Nevertheless, the content of the website resolved from the Disputed Domain Name indicates that the Respondent was aware of the trade mark PRIMESENSE, the Complainant and the Complainant’s products. The Disputed Domain Name was registered some years after PRIMESENSE was first used and/or registered as a trade mark, the contention that the Registrant and the Respondent were ignorant of the Complainant and the trade mark PRIMESENSE holds little water. The website displays the trade mark PRIMESENSE and the Logo prominently. The website purposed itself as specifically providing a forum for news, discussion, information and techniques on the use of PrimeSense products.
Further, the Respondent went beyond simple use of the trade mark PRIMESENSE and the Logo. The artful reference to the Complainant’s website at “www.primesense.com” as the “official website” and the Respondent’s website at “www.primesense.org” as the “Chinese website” next to each other leaves little to the imagination that the Respondent’s website is principally being held out as being affiliated and/or endorsed by the Complainant. The potential for such misrepresentation is cemented by the identification of “Rick Yu” and his contact particulars on the Respondent’s website and contradicts the Registrant’s and the Respondent’s assertion of ignorance of the Complainant.
On balance, the circumstances overall lead the Panel to conclude that the Respondent, by using the Disputed Domain Name, has intentionally attempted to attract Internet users to the Respondent’s website, by creating a likelihood of confusion with the Complainant's mark as to the source, sponsorship, affiliation, or endorsement of the website or of products or services on the website. Should it be shown that the Respondent has intentionally attempted to attract Internet users for commercial gain, the facts would fall squarely within the specified instance of bad faith registration and use under paragraph 4(b)(iv) of the Policy.
There is insufficient evidence before the Panel to determine whether the Respondent has intentionally attempted to attract Internet users with an objective of commercial gain. Be that as it may, paragraph 4(b)(iv) of the Policy is but only an example of bad faith registration and use. It is a consensus view of past WIPO UDRP panels that paragraph 4(b) of the Policy does not represent an exhaustive definition of bad faith registration and use under the Policy. For example, bad faith registration and use may exist in the form of passive holding (e.g., Telstra Corporation Limited v. Nuclear Marshmallows, WIPO Case No. D2000-0003) or opportunistic bad faith (e.g., RapidShare AG, Christian Schmid v. Liao Fei aka Fei Liao, WIPO Case No. D2010-0600).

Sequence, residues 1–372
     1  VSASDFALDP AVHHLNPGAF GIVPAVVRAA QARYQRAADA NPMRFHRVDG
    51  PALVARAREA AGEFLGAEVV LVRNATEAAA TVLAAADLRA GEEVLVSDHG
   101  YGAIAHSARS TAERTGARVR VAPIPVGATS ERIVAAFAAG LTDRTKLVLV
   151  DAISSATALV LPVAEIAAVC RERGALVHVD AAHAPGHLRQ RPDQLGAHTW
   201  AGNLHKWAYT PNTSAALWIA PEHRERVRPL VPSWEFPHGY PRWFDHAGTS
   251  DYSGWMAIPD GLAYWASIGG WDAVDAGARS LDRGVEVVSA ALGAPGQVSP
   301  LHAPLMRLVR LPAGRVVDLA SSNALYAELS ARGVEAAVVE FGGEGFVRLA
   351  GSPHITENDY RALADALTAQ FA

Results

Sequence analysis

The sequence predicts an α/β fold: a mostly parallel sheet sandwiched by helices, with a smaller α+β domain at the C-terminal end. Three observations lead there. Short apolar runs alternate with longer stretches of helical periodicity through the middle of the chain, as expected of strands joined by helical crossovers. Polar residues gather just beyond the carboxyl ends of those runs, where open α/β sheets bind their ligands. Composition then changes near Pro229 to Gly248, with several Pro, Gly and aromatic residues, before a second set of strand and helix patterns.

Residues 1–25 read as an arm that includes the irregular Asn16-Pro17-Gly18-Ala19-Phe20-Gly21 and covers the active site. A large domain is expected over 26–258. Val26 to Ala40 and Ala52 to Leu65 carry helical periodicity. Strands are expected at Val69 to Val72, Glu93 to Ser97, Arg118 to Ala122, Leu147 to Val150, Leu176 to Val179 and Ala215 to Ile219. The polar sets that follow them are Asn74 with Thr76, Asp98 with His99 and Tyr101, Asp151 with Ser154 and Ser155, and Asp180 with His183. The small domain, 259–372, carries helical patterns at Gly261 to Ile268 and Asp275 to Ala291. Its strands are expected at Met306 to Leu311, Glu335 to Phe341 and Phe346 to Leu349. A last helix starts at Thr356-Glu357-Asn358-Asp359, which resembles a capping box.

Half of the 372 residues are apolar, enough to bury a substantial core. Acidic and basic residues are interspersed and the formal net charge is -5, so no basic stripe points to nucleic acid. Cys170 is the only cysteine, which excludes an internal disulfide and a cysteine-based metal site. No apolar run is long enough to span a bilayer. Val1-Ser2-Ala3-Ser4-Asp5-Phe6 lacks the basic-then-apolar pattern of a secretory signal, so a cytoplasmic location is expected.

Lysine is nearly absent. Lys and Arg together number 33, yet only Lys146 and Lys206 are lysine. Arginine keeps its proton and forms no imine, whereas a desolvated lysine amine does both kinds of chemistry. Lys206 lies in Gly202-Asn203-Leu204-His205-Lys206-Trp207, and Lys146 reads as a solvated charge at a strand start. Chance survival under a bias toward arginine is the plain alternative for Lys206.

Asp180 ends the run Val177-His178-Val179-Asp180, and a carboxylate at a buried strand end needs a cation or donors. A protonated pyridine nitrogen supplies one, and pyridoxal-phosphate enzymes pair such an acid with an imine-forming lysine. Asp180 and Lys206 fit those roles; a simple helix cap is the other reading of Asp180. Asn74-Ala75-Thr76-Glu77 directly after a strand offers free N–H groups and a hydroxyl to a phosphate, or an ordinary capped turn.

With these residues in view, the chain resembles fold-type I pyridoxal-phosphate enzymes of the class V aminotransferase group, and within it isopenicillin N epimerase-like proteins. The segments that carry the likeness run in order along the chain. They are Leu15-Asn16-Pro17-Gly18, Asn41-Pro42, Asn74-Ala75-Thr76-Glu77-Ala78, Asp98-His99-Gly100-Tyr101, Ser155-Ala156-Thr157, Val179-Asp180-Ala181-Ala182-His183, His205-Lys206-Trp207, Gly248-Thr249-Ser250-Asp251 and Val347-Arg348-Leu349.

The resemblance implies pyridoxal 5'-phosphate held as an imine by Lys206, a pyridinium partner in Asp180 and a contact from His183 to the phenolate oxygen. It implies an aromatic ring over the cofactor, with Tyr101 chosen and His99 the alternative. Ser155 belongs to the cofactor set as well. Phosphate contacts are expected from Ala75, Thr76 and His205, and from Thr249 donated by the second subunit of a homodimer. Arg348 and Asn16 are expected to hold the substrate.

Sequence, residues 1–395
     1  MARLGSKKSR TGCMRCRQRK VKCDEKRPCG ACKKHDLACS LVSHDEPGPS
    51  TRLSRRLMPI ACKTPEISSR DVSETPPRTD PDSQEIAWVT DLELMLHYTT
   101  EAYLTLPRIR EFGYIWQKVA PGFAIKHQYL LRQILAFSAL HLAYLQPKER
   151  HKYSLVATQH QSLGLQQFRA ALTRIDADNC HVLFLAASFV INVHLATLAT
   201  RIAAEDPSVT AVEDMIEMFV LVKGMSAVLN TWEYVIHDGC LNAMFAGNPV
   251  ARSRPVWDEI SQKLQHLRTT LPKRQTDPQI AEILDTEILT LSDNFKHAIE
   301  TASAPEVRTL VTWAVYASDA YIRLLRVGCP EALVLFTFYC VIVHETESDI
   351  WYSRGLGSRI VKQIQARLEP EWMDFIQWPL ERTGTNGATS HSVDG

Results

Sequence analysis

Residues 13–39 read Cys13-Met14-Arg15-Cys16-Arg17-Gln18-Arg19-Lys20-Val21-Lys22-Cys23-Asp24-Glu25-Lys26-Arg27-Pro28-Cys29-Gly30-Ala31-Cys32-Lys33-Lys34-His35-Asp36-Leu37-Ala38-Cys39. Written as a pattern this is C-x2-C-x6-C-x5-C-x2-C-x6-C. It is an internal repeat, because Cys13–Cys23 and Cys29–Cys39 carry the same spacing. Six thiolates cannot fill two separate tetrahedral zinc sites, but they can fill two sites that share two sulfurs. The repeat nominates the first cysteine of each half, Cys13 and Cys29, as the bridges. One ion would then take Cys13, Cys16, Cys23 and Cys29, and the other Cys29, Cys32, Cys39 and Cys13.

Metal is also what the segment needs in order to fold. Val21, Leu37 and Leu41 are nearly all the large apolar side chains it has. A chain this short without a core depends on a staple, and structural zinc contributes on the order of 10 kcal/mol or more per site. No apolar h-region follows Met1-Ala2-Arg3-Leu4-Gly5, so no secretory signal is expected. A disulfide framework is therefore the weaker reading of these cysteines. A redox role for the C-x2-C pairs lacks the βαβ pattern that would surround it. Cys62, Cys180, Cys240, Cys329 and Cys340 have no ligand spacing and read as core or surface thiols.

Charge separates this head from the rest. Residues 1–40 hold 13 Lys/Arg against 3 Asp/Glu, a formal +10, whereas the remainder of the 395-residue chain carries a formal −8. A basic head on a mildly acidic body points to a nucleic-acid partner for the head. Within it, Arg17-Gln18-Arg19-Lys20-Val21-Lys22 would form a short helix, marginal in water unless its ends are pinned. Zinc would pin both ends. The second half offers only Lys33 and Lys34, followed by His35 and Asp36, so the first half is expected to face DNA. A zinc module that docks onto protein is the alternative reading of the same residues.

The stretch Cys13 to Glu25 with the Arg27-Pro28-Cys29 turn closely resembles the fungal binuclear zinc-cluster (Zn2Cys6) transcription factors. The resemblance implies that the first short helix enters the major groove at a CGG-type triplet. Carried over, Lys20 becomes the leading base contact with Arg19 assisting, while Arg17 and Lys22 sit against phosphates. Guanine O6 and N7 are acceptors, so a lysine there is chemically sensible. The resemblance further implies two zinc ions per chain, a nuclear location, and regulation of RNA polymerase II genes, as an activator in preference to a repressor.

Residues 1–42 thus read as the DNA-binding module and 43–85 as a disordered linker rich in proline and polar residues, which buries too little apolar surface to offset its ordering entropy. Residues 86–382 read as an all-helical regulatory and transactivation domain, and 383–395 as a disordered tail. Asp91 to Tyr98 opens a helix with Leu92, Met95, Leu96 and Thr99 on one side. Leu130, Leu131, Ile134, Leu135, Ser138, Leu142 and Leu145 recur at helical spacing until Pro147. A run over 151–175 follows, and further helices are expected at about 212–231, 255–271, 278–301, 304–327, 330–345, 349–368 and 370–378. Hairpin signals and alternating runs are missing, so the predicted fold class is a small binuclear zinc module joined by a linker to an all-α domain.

By requiring a respondent to have intentionally attempted to attract Internet users for commercial gain, paragraph 4(a)(iv) of the Policy is clearly directed at a respondent who creates a likelihood of confusion with a trade mark for the purpose of gaining a personal benefit. Whether any personal benefit in fact materializes does not appear to affect the analysis. The key question is whether the respondent is riding on the trade mark by creating a likelihood of confusion.
In the present circumstances, the manner in which the Respondent has insinuated the website resolved from the Disputed Domain Name as a website affiliated with the Complainant’s website can hardly be considered innocent. The liberal use of the Complainant’s trade mark PRIMESENSE and the Logo, the co-location of references to the Complainant’s official website and the Respondent’s website, and the provision of contact particulars of the Complainant’s employee alongside the Respondent’s contacts make up a deliberate recipe for misrepresentation which encourages a likelihood of confusion with the Complainant’s trade mark PRIMESENSE. Even if the Panel accepts the Respondent’s claim that he/she has no intention to sell the Disputed Domain Name at a high price, it is inconceivable to the Panel that the Respondent does not have some commercial or personal gain in mind.